Even more convenient was the time I was trying to drive to JFK to catch a flight for my sister's wedding in Florida 5 years ago. While I was driving on the Belt Parkway, the serpentine belt broke, which killed the battery. Luckily it was broad daylight so I just kept driving with no electronics running. As I got closer and closer to the airport, multiple parts of the system lost power - first it was the power steering, then it was the airflow regulators, causing the engine to start sputtering, etc, all the while I'm doing 50+ on the Belt. I got to the exit for long-term parking, and the engine started shaking even more vigorously. I decided to take the first available/farthest spot in the long-term lot, since I felt like it was about to die. Lo and behold, it did - just as I pulled into the spot. We ran across the lot and hopped on the Airtrain and we made our flight.

When we came back the following week, we used my Benz to boost the battery and start it up again. That gave it just enough juice to get it out of the lot make it to the nearest Mechanic in Queens - where it died once again as I pulled into the parking lot.

I feel like I owe it some care and attention as a result!
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Andrew Bitner
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Posted: 13 February 2018 at 8:59am | IP Logged | 9 post reply

We went a different way last year. Our KIA had about 121k miles on it (IIRC) and the suspension was shot--it would have needed about $4000+ to get it road-ready again, and the Bluebook value was around $1500. Given we were ready for a new car anyway, trading it in wasn't a hard decision, even though the Kia was paid off and now that's one more bill to cover each month.

C'est la vie, as Jean-Paul Beaubier might say.

Edited by Andrew Bitner on 13 February 2018 at 9:01am
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John Byrne
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Posted: 13 February 2018 at 9:18am | IP Logged | 10 post reply

…and perhaps it's time to put it out to pasture.

••

One thing I have seriously considered, for when either of my cars dies without hope of resurrection, it to have it cubed, a la GOLDFINGER, and turn it into lawn art.

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Phil Geiger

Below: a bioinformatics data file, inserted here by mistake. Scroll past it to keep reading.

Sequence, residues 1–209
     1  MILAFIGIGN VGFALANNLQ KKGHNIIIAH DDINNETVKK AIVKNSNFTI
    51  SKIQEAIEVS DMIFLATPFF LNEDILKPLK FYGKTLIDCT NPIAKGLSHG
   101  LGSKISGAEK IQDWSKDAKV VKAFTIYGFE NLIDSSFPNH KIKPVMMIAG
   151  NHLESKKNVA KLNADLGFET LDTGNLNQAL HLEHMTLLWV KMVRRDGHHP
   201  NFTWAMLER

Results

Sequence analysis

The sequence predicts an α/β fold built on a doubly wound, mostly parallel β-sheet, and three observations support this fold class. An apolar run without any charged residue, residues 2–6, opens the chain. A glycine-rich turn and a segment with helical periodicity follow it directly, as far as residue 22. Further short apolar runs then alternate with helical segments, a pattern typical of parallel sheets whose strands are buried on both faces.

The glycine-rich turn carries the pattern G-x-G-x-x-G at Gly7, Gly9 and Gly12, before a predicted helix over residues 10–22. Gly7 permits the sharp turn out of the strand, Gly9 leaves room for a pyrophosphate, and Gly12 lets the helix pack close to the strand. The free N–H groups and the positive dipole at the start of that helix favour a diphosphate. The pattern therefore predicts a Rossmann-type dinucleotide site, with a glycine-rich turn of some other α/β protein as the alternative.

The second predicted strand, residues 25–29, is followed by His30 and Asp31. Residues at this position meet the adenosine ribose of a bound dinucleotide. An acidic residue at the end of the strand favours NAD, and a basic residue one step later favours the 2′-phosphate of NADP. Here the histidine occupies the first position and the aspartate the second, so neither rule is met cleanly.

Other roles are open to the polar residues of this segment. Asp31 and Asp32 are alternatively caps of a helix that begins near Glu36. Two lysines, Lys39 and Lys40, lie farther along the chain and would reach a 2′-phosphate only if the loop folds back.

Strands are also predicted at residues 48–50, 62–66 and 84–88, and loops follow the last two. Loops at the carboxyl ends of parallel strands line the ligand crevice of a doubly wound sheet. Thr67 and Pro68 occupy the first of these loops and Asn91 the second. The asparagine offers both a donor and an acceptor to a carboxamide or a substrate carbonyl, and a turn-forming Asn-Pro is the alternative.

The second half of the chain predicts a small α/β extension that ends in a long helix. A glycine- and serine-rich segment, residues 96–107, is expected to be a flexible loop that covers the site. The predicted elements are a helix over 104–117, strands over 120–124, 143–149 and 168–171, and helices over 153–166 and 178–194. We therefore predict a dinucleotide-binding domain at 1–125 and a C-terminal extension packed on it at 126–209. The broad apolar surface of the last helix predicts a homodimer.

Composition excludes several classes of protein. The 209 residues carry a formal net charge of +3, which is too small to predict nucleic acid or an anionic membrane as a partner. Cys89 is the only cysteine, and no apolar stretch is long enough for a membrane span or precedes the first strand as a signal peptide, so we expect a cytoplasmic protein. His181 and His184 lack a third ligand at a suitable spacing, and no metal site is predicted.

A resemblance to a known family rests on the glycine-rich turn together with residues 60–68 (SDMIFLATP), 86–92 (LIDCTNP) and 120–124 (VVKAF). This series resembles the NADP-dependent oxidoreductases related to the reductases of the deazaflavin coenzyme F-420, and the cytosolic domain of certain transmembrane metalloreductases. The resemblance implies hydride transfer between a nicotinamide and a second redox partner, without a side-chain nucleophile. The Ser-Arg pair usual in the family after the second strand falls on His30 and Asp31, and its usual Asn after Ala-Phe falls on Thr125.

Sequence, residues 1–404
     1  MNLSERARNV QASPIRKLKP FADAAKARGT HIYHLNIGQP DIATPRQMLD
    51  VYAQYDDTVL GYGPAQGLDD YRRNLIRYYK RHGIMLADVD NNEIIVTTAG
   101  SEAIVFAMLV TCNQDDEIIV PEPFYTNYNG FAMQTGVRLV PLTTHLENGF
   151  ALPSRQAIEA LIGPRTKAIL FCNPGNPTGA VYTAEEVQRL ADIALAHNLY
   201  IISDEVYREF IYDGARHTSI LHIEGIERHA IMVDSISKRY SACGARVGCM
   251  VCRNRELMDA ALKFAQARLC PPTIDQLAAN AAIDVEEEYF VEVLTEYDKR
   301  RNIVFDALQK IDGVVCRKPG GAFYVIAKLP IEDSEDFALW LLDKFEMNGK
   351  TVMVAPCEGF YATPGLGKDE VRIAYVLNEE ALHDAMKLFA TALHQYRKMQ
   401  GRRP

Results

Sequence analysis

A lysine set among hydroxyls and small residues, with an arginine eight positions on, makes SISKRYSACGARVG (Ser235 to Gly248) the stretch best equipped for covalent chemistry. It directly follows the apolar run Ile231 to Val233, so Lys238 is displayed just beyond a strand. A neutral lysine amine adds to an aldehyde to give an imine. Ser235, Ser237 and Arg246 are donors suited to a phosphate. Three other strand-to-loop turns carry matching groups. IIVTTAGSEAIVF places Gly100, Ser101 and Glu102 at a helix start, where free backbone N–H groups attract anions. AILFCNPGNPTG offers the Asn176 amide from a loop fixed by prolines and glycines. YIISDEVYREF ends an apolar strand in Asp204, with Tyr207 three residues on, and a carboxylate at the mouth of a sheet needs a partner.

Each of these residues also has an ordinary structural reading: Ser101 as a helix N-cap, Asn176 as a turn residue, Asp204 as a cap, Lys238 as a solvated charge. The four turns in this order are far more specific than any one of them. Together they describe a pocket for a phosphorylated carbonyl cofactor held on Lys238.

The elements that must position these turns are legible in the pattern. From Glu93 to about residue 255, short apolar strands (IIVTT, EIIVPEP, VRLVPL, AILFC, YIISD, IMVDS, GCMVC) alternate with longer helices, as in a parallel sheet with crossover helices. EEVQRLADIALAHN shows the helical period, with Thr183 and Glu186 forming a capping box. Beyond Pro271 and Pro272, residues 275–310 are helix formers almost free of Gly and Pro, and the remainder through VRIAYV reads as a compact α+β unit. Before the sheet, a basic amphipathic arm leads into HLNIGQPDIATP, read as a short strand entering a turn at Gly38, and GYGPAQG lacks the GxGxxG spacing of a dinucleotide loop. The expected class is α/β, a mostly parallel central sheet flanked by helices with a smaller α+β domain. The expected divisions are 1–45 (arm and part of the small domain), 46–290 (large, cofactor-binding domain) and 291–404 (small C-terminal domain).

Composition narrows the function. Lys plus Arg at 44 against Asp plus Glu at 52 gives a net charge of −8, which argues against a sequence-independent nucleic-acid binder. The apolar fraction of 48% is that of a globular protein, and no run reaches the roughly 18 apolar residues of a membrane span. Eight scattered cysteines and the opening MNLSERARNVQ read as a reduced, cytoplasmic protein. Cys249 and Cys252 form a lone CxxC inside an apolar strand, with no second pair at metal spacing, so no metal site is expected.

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Posted: 13 February 2018 at 9:22am | IP Logged | 11 post reply

2001 with 40K miles? Yeah, you should get a LOT more use out of that vehicle! Well worth the investment in repairs, I think. I have a 2003 Suburban with around 180K miles on it that has been acting up a bit. I've been thinking of getting a new vehicle, but repairs are still cheaper than car payments and it's still in decent shape for it's age. So I'll be holding on to it for a while longer.
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Leigh DJ Hunt
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Posted: 13 February 2018 at 12:53pm | IP Logged | 12 post reply

How come the mileage is so low JB? I guess I drive a lot but I live in the UK. Over there, driving to the next state is like driving across the country.
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John Byrne
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Posted: 13 February 2018 at 1:24pm | IP Logged | 13 post reply

I work at home. In this house, going from the bedroom to the kitchen to the Studio is the farthest I've ever had to go to work, since I turned pro. Driving, I average about 2,000 miles a year.
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John Byrne
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Posted: 13 February 2018 at 1:28pm | IP Logged | 14 post reply

Of course, I fully expect to get t-boned driving home from the garage.
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Vinny Valenti
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Posted: 13 February 2018 at 2:59pm | IP Logged | 15 post reply

BTW JB, how has the Jag been holding up? Have you ever had any of the electrical issues that they seem to be known for?*

*To the extent that it was an important plot point in an episode of MAD MEN.
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John Byrne
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Posted: 13 February 2018 at 3:10pm | IP Logged | 16 post reply

It's been a long time since Jags had electrical issues. I had plenty of problems with my 1966 MkX, but the 1997 XJ6 is basically a Ford in drag.